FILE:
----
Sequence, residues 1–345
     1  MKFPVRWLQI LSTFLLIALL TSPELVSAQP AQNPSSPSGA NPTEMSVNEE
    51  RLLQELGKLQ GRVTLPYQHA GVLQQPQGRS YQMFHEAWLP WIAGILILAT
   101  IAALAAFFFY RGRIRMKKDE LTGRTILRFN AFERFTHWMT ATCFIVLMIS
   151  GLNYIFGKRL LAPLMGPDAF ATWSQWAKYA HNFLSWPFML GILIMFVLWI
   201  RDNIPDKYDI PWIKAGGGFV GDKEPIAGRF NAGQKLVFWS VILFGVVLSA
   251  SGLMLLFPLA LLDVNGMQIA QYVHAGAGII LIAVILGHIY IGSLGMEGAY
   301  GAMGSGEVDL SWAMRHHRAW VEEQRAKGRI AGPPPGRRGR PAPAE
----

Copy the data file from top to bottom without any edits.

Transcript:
Sequence, residues 1–345
     1  MKFPVRWLQI LSTFLLIALL TSPELVSAQP AQNPSSPSGA NPTEMSVNEE
    51  RLLQELGKLQ GRVTLPYQHA GVLQQPQGRS YQMFHEAWLP WIAGILILAT
   101  IAALAAFFFY RGRIRMKKDE LTGRTILRFN AFERFTHWMT ATCFIVLMIS
   151  GLNYIFGKRL LAPLMGPDAF ATWSQWAKYA HNFLSWPFML GILIMFVLWI
   201  RDNIPDKYDI PWIKAGGGFV GDKEPIAGRF NAGQKLVFWS VILFGVVLSA
   251  SGLMLLFPLA LLDVNGMQIA QYVHAGAGII LIAVILGHIY IGSLGMEGAY
   301  GAMGSGEVDL SWAMRHHRAW VEEQRAKGRI AGPPPGRRGR PAPAE